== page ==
(this is a true story)
I was eight years old and my brother was four. Every summer we visited our grandparents at their modest brick home in south, south Georgia.
My grandfather delivered mail and was the local Baptist Preacher. He had zero education of any kind. A great part of the Southern Baptist religion is that they don’t require their preachers to attend seminary. If you’ve ever been to one of their services, the “no education” thing is quickly apparent.
He liked to take us fishing. My brother and I loved fishing. It was truly the one thing we looked forward to doing while visiting.
Grandpa had a late 60’s blue Volkswagen beetle. Because I was older, I jumped into the front seat and my brother complained about sitting in the back. He always complained because he thought I was spoiled. He was right. My parents liked me more, but that wasn’t my fault.
He still loved me though, almost to a fault. Sadly, he always wanted to be me. To this day, I’ve never understood that.
We pulled out of the garage and headed to the pond. The drive was about 15 or 20 minutes from the house. The gravel roads were bumpy and Grandpa was a slow driver. It felt like it was taking forever and like the gears were barely shifting.
We drove through the minuscule downtown area that had only a couple gas stations, a grocery market and a farm supply store. The rest of the trip was south Georgia rural. We passed by a lot of broken down houses with rusted appliances and stacked garbage in the front yards.
There were trailers everywhere that looked inhabitable, yet I could see that people were living in them. This was so different than my spoiled life back in Florida. My house was huge and clean. I had never really seen poverty. I was used to my cold air conditioned house.
The radio in the beetle didn’t work so my grandpa would sing.
“When you go down in the bellum, you put your money in your shoe. ‘Cause the people in the bellum gonna’ make a mess out of you.
When you go down in the bellum, don’t look them women in the face. ‘Cause the women in the bellum will make you disappear without a trace.”
My brother laughed when he sang, but I just sat there confused. I always wondered what a “bellum” was. I always wondered what was so bad about the women there. I always wondered why my grandpa sang this song with a smile. He would even look over at me during the singing and it made me feel odd.
I was getting bored so I opened the glove box. My eyes nearly jumped out of my head when I saw it laying there. There was a beautiful, silver revolver sitting there. My eyes popped out of my head. I wanted to grab it, but I was scared.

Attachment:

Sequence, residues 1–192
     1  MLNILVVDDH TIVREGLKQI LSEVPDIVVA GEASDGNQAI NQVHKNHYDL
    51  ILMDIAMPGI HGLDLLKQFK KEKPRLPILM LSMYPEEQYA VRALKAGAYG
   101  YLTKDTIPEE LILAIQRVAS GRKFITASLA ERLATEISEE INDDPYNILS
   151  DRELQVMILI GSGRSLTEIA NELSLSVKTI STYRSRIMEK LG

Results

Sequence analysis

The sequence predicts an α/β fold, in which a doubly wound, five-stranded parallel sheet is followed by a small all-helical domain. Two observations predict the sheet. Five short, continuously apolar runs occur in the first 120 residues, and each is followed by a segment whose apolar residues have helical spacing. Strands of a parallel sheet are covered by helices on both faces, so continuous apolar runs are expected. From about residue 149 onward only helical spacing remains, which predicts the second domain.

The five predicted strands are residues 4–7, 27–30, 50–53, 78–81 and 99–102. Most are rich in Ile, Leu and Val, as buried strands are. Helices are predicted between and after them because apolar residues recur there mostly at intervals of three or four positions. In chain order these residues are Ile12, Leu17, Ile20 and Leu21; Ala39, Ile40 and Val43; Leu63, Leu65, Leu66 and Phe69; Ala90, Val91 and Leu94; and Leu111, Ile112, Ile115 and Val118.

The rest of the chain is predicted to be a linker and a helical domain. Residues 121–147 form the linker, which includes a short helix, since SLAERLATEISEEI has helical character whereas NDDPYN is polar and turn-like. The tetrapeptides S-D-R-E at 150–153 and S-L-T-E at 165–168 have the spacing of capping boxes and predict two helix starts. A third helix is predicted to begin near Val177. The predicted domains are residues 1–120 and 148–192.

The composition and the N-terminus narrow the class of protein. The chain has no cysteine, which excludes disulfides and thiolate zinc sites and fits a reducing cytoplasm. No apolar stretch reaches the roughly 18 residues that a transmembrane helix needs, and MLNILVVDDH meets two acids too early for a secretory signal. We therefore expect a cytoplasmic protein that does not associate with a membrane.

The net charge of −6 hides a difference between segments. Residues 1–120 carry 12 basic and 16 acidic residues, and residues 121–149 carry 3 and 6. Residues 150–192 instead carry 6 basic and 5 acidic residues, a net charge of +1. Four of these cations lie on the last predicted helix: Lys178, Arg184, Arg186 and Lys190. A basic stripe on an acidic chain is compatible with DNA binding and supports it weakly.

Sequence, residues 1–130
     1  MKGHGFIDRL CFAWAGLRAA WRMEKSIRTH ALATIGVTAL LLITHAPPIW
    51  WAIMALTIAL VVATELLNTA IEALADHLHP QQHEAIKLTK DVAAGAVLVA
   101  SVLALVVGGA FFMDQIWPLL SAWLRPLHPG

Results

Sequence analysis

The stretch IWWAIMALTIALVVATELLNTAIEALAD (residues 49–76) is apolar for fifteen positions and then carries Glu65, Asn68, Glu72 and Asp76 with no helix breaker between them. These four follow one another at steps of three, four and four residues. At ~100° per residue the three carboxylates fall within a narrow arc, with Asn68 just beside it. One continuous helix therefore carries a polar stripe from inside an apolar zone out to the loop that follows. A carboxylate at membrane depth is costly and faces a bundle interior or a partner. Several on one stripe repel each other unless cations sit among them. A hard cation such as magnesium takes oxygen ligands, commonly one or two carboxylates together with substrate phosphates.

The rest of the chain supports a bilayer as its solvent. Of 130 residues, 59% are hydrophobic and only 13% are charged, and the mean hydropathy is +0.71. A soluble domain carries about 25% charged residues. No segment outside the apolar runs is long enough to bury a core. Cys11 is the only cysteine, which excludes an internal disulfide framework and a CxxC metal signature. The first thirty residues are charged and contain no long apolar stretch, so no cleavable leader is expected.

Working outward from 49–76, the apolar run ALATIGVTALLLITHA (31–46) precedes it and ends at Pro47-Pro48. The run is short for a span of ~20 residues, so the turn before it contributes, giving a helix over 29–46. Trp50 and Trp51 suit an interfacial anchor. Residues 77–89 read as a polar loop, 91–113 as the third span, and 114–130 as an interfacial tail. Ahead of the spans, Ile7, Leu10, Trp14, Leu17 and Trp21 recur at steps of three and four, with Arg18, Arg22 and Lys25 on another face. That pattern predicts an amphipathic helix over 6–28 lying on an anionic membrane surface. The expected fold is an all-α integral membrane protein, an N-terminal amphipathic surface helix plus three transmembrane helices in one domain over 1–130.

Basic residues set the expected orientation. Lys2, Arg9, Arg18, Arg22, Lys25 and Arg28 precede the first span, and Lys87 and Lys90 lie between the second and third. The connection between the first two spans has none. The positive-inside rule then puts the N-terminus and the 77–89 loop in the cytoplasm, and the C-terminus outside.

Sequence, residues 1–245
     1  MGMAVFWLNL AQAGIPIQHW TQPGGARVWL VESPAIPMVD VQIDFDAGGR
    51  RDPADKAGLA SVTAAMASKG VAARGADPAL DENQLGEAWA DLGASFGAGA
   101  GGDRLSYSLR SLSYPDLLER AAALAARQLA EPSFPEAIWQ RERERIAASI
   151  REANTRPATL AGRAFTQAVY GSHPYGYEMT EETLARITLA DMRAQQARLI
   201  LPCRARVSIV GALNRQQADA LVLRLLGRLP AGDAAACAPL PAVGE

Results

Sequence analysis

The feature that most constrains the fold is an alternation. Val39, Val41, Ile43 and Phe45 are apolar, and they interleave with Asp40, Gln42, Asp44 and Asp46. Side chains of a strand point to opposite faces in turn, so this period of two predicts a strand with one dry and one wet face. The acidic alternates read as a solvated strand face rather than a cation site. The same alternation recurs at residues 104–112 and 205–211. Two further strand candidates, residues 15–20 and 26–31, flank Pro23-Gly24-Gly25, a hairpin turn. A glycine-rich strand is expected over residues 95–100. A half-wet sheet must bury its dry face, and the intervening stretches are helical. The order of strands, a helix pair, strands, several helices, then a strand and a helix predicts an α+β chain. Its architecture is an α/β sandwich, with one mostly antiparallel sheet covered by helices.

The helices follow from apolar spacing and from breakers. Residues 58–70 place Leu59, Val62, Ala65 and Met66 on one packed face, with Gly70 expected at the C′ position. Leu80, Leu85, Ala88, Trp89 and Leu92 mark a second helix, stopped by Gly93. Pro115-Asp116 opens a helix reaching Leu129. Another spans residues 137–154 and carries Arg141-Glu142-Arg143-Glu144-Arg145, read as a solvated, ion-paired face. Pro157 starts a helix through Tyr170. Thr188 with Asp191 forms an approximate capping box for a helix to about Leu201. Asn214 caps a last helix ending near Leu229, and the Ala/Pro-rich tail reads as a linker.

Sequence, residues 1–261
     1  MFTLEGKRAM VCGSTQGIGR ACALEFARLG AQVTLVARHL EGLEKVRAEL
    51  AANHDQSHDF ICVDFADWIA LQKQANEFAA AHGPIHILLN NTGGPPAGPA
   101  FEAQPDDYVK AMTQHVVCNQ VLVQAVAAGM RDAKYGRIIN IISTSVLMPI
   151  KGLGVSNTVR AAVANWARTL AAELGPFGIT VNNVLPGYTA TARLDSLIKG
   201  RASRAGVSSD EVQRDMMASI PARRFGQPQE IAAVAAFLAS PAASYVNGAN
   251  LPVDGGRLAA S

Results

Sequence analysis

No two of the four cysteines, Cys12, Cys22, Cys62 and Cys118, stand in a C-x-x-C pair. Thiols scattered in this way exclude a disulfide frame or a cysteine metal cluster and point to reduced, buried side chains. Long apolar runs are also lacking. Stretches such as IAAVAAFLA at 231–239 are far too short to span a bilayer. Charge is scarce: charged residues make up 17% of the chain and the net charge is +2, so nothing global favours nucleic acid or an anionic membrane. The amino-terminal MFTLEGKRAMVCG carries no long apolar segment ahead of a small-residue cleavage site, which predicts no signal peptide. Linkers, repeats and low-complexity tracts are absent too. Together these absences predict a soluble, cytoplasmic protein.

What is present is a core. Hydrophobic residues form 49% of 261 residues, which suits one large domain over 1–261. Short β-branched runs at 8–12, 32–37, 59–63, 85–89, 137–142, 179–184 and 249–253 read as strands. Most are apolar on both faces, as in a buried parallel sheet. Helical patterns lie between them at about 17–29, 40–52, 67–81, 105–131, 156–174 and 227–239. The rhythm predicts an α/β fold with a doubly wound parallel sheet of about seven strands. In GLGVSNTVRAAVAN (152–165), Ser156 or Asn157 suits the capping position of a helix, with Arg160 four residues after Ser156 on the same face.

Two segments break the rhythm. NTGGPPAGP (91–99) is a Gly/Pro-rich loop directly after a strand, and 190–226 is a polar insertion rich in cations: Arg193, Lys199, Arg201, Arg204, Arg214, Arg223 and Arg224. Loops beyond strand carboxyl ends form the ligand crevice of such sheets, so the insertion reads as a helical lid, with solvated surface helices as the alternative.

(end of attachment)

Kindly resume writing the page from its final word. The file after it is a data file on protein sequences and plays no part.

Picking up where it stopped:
My grandpa reached over and closed the glove box while looking at me sternly.
“Why do you have a gun grandpa,” I asked.
He pointed to some men sitting on a porch of one of the dilapidated house we were passing by and said, “See them nigger, porch monkeys up there boy? I keep a gun because you never know when you gonna’ need it.”
Again, I was confused. I remember seeing those black men on their porch, just sitting there minding their own business. I was eight then and I didn’t understand color. Even though I was spoiled and white, I didn’t have any preconceived notions about people yet.
This memory stayed with me for years and often haunted me. It took me a long time to figure it out.
We didn’t catch any bass that day and it was hot. It was 95 degree, 100% humidity hot. I can still taste the sweat dripping down my forehead.
We got back to the house, grandma smiled and gave us sweet tea. She was always smiling and always making sweet tea.
My grandpa told me to take a shower in his bathroom. I remember the cold water felt so refreshing. I remember the strong smell from the Irish Spring soap bar, I liked that smell then.
Grandpa came into the bathroom and opened the shower door. I told him there was no shampoo. He said I could just use the soap. He said he would help me.
That was the first time my grandfather touched me.
Again, I was confused and I knew something wasn’t right. That was the last visit I remember with my grandpa, even though we went back each summer for the next 4 years or so.
I do remember him taking me fishing again, but he took me alone without my brother. I don’t remember ever catching any bass. It was always hot though. I will never forget how oppressive the heat was.
I’m glad it was me and not my brother. He was so young and innocent, I remember not wanting his laugh to change.
One day during my senior year of high school, I was called in to the office. My mother was there and she was crying. She said that grandpa had died. He had a heart attack. We drove to South Georgia that day and stayed a few days for the funeral.
I had to take a shower in the same shower where it first happened. I couldn’t remember how many more times it happened and I didn’t want to. There was still Irish Spring soap, but this time I hated the smell and it made me vomit.
We went to the funeral. I didn’t cry, not one fucking tear came out of my eyes.
He was gone and I was glad that fucker was dead.
Maybe one day I will tell my mother. I wonder if she knew?